While the premium cost might not deter those eager to try the product (hello, it's me), it could be a hindrance when it comes to influencing folks beyond the crowd of food-tech enthusiasts and early adopters (me again). Those intrigued by, or even skeptical of, the concept of cultivated meat may balk at a price tag that proves to be prohibitively expensive — and certainly, the existing costs already make it inaccessible to most consumers. These challenges may make it more difficult to enact widespread adoption.
On the other hand, the first cultivated beef burger produced in 2013 by Mosa Meat, was estimated to cost a staggering €250,000 to produce, a cost that has rapidly declined in the last decade. It's also worth noting that achieving price parity with conventional meat is a primary objective for those involved in the alternative proteins sector. One of the challenges of reaching price parity is the ability to scale up production — which remains a major hurdle in the path of cultivated meat becoming a staple in everyday meals.
Still, a brand new company, Omeat, which just emerged from stealth mode, suggests they may have cracked the code on price and scaling with its 10,000 kg capacity bioreactors and, more importantly, its ability to harvest plasma from live cows (rather than expensive growth media, or morally undermining fetal bovine serum), without causing harm.
Okay, but do we actually need commercially cultivated meat, or is it just a costly gimmick, as some critics have suggested?
Considering the stakes, I believe we have a responsibility to explore all alternatives to intensive animal agriculture, including cultivated meat.
Current livestock production accounts for approximately 14.5% of global greenhouse gas emissions (a likely conservative estimate). Intensive animal production is linked to biodiversity loss, with existential levels of deforestation taking place in regions like the Amazon. Additionally, animal agriculture is a significant contributor to antibiotic resistance (AMR), one of humanity's top ten global health threats — not to mention the related human and animal rights infractions of intensive animal production.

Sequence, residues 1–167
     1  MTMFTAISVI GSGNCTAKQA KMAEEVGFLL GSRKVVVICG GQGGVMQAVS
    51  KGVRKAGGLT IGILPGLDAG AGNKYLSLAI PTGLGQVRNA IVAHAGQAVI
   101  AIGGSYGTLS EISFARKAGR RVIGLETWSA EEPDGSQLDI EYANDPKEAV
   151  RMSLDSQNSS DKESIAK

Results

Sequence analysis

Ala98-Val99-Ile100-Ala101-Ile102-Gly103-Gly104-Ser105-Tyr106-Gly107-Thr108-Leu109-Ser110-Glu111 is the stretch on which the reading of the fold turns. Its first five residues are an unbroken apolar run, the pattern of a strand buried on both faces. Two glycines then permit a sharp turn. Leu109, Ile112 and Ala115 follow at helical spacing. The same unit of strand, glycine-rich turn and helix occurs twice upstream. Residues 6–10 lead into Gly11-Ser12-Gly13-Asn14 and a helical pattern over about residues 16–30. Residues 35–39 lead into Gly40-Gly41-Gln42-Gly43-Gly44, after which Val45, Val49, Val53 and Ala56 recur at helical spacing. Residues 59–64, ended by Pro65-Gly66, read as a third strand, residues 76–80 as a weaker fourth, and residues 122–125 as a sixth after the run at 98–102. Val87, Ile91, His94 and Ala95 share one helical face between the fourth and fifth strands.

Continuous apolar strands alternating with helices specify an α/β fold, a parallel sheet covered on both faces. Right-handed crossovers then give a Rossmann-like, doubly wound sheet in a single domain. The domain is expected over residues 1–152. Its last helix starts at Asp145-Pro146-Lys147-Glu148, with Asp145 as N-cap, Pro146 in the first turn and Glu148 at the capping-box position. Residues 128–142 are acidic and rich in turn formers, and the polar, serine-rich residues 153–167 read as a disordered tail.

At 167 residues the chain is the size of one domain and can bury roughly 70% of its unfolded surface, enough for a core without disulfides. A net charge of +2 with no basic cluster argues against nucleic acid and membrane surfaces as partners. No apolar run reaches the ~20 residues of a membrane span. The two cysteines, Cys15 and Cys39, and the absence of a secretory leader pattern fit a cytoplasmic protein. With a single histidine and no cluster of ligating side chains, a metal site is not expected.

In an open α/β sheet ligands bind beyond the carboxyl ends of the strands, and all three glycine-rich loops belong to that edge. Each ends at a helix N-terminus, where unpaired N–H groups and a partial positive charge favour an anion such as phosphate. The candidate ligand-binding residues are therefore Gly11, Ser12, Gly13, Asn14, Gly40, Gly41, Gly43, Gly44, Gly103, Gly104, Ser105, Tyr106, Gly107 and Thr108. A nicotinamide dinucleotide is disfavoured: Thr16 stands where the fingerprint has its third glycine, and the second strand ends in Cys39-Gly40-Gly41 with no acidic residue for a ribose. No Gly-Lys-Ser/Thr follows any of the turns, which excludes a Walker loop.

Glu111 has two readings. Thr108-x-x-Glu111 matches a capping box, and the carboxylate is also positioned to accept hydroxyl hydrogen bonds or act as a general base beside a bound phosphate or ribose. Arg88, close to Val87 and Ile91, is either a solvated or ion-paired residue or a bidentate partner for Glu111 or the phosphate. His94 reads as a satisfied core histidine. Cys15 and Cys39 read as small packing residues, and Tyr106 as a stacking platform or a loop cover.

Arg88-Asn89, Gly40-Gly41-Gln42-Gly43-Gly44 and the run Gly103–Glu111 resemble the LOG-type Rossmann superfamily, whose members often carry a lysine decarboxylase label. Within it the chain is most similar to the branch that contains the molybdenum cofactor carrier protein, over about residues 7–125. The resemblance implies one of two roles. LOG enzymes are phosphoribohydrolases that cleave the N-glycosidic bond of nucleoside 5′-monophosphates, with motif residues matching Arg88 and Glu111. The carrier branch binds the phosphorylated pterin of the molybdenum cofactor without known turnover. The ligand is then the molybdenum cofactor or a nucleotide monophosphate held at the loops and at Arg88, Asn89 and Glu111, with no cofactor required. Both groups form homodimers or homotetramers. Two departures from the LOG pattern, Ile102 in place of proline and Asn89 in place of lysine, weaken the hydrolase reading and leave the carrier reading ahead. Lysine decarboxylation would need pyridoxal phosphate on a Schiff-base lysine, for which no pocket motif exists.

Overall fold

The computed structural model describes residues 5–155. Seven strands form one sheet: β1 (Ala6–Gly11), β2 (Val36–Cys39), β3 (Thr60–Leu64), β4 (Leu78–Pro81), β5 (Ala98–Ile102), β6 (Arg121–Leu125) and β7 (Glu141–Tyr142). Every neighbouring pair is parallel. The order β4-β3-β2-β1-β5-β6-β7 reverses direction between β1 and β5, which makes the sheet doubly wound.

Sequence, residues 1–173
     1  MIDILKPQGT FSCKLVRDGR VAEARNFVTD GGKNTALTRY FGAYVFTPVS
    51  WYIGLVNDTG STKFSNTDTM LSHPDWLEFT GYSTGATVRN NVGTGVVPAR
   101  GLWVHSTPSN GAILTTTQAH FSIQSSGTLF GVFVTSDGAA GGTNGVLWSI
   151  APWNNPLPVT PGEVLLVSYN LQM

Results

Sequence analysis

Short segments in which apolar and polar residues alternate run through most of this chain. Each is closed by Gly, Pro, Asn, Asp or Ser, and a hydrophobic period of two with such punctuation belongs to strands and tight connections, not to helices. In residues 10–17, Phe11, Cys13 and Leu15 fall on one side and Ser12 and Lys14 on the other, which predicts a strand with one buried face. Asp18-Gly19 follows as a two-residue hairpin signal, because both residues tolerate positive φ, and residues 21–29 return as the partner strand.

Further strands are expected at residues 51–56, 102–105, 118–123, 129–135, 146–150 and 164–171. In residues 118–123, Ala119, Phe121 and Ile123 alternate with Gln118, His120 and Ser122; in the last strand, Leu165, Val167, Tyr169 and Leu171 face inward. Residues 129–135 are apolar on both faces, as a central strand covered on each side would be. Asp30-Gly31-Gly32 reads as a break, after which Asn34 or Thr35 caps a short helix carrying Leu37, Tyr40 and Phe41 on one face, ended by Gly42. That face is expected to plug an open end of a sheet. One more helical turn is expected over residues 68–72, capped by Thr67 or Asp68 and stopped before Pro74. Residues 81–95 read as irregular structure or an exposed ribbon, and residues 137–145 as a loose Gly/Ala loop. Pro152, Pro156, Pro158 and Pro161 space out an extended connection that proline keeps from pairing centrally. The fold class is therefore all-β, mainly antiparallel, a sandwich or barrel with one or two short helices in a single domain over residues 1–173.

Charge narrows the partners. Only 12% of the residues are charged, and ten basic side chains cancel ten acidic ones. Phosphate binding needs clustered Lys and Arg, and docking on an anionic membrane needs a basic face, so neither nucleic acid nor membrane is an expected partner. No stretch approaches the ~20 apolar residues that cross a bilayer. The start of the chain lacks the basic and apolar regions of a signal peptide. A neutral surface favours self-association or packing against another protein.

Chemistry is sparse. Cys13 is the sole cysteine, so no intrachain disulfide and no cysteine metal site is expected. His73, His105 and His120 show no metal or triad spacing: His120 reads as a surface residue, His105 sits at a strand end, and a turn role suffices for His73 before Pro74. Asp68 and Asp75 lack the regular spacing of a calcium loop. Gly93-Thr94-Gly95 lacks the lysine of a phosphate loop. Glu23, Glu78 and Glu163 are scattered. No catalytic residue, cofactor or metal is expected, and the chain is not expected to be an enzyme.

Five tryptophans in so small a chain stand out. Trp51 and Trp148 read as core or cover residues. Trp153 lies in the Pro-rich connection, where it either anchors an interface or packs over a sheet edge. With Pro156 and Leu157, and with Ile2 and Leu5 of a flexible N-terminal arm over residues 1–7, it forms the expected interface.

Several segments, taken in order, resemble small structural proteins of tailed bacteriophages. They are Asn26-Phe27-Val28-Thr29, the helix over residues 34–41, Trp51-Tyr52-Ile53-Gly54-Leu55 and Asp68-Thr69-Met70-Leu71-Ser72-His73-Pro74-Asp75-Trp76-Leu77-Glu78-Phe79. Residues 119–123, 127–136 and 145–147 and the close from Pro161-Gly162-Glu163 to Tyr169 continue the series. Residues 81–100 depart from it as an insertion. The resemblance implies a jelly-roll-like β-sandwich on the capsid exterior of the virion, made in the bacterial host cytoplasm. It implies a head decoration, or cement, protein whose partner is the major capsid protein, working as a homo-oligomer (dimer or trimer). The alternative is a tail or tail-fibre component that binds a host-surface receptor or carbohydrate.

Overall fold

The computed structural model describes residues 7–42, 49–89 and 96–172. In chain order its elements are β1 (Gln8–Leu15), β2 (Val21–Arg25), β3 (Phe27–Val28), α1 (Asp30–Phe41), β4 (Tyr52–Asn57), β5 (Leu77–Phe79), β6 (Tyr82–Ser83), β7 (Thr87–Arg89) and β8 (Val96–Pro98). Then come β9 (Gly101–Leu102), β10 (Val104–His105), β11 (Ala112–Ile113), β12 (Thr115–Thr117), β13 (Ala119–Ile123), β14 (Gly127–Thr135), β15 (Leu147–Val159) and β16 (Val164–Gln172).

And, if the idea of cultivated meat doesn't entice you, the alternative protein landscape is rich with options and innovations — from plant and mycelium-based products to fermentation and molecular farming. Consumers will (and already do) have a host of alternative protein options available.
I responded to the SMU consumer study, “Yes, I would eat again.” And I meant it.
I know it's a lot of hope to place on a humble-enough-looking chicken sandwich, but I believe that cultivated meat and other alternative proteins have the potential to render industrial animal agriculture and factory farming obsolete.
Not today. Not tomorrow.
Big thanks to Andrea Chia Sr. Tech Officer at Just Inc., Huber Butcher Staff, and the GOOD team for hosting. And to Emma H. Kelly for photography.
Author Bio: Marlana Malerich is the Community Manager at Protein Directory where she leads initiatives such as webinars, database management, research, and the development of brand strategy. Her background includes work across the food sector — from urban farming to international agriculture development, to food technology. Marlana holds an MSc from the University of Edinburgh in Food Security. She enjoys (among other things) science fiction, petting dogs, learning plant names, sharing bird facts, and discovering new ways to cook tofu.